VILNIUS - The Prosecutor General's Office (PGO) has closed its investigation of one of the suspects in the Medininkai massacre case, Konstantin Mikhailov.
Mikhailov is an ex-militiaman of the Soviet Union Interior Ministry Special Purpose Police Squad (OMON) of Riga, who stands accused of the killing of seven Lithuanian border guards.
Prosecutors believe enough information has been gathered during the pretrial investigation to prosecute suspect Mikhailov, formerly known as Nikulin, as guilty of having partaken in the massacre.
"It is a big success that we have managed to do this. It is not easy to investigate this sort of case, when a lot of the suspects are in another country 's especially Russia," Aurelija Juodyte, representative of the PGO, told The Baltic Times.
Mikhailov is, however, just one of many suspects 's most of whom will likely never be brought to trial because of Russia's protection of its citizens and refusal to allow extraditions.
The sole survivor of the massacre told The Baltic Times that he is unhappy with the proceedings because the other suspects live in Russia.
"I am not satisfied with this case 's there are still people living in Russia who we are interested in for the case. The politicians have told us and the whole world that people can do bad things and then just live in Russia," Tomas Sernas said.
"I have hope for the future that these people will be brought to justice. One has to have hope 's it is a theoretical hope, not just for me, but for the whole of Europe. It is a hard thing to understand [Russia's protection of suspects]. When we have dealings or do business with Russia, we always have to keep these things at the top of our heads," he said.
According to information available to the Baltic News Service, the suspect, kept in custody in the Lukiskes Inquisition Ward, was informed of the end of investigation on Jan. 16. As laid out in Lithuanian legislation, the suspect will be given time to familiarize himself with and analyze the case, which will then go to trial.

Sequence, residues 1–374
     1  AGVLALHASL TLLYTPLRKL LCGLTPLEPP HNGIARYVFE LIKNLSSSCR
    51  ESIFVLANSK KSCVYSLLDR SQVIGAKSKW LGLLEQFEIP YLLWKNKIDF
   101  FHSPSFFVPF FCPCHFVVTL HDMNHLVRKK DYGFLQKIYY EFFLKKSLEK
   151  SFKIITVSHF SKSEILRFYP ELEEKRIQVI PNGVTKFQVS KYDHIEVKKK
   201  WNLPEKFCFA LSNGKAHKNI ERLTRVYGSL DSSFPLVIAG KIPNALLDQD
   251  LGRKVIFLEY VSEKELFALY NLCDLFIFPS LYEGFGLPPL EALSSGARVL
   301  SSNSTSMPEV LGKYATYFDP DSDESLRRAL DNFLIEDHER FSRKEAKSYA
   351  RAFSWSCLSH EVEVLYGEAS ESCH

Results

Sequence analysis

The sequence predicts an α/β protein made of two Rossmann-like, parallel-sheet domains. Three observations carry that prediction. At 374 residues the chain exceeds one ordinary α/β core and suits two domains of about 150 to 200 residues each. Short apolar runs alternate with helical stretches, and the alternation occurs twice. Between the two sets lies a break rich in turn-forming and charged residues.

Mikhailov, 40, is the only suspect in the case officially charged with having partaken in the murder of the officers and is also the only suspect accessible to investigators and the court.
Mikhailov has been charged with first degree murder of two or more persons, punishable by a life sentence.
The suspect in the almost 18-year-old case was detained by Latvian authorities on Nov. 28 last year under the European arrest warrant issued by Lithuania.
The ongoing investigation into other suspected OMON members 's squad commando Ceslov Mlynik, militiamen Aleksander Ryzhov and Andrej Laktionov, who are yet to be extradited by Russia to Lithuania 's is being conducted separately, the Prosecutor General's Office said.
On the morning of July 31, 1991, the Soviet militiamen are alleged to have murdered border guards Antanas Musteikis, Stanislovas Orlavicius, Aras SWAT unit officers Algimantas Juozakas and Mindaugas Balavakas, road police employees Juozas Janonis and Algirdas Kazlauskas with shots to the head from Kalashnikov assault rifles.
Police officer Ricardas Rabavicius, who experienced heavy injuries during the attack, died in the hospital Aug. 2. Tomas Sernas was the only survivor of the attack and also experienced heavy injuries at the time.
The data collected in the process of the pre-trial investigation allow the prosecutors to suspect that Riga-based hit men from OMON committed the crime on their way to the OMON base in Vilnius.
The investigation into the murders has been delayed because the suspects and many important witnesses reside in Russia.
The seven officers are believed to have been killed in Medininkai to cause confusion at the border of a country that had just declared its independence. At that time, OMON hit-men would regularly assault checkpoints and beat up officers stationed there.
The case is expected to go to trial after three months.